Swiss Artist Zimoun creates sound sculptures and installation art that is a little bit strange. Equal parts raw, industrial materials; equal parts mechanical elements, he creates rooms full of what seem like living and breathing objects. He combines cardboard boxes, plastic bags, old furniture, packaging tape, wires, light tubes, cotton balls and motors to transform a space into something very unexpected.
His low-fi sound architecture follows on in John Cage’s footsteps, an artist he says he thought a lot about when he was younger. Zimoun explains his fascination with combining sound, strong visual elements and bringing obsolete technology to life:
I’m interested in a mix of living structures on the one hand, and control about decisions and details on the other. A combination of structures continuously generating or evolving by chance, chain reactions or other generative systems, and a specifically delimited and contained space in which these events are allowed to happen.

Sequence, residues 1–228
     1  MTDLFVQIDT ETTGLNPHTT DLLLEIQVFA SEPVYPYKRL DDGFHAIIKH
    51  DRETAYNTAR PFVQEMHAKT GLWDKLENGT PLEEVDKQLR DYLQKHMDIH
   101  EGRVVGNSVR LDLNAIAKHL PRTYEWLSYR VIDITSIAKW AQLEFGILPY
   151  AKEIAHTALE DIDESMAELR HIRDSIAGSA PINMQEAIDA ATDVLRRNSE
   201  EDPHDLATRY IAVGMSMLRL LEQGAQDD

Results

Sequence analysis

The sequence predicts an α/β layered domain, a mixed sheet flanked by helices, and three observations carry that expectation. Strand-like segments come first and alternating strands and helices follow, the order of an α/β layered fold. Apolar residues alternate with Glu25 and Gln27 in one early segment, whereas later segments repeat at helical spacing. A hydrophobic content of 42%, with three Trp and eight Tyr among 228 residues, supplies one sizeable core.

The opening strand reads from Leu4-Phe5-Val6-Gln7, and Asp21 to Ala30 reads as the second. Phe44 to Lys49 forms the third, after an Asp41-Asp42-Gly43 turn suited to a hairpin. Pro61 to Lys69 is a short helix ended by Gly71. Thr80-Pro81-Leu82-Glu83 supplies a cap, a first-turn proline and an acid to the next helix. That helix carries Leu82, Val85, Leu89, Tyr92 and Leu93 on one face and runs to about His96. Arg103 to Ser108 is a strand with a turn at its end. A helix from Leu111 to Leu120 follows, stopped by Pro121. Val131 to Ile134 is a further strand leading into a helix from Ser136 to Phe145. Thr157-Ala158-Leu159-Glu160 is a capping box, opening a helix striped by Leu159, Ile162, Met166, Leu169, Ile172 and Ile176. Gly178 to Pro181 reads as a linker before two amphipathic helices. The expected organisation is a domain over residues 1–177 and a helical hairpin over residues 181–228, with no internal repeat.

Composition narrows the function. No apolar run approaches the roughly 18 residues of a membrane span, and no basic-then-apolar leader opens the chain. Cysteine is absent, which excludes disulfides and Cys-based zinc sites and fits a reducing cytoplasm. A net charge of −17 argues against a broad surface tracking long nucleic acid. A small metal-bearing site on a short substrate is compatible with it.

By drawing our attention to these often over-looked, or under-valued materials, Zimoun forces us to examine the nature in industrial materials, and the industrial in nature.
His sound sculptures are a combination of clean modernist structures, and the forces of chaos reacting against each other. We see how the patterns and rhythms of machines slowly change, the longer they are allowed to run. Like Cage, Zimoun allows a great deal of chance affect his work. He lets his mechanical sculptures run for an indeterminable amount of time, allowing the space to become a self-governing, organic space. Zimoun’s art very easily blurs the lines between nature and man/machine.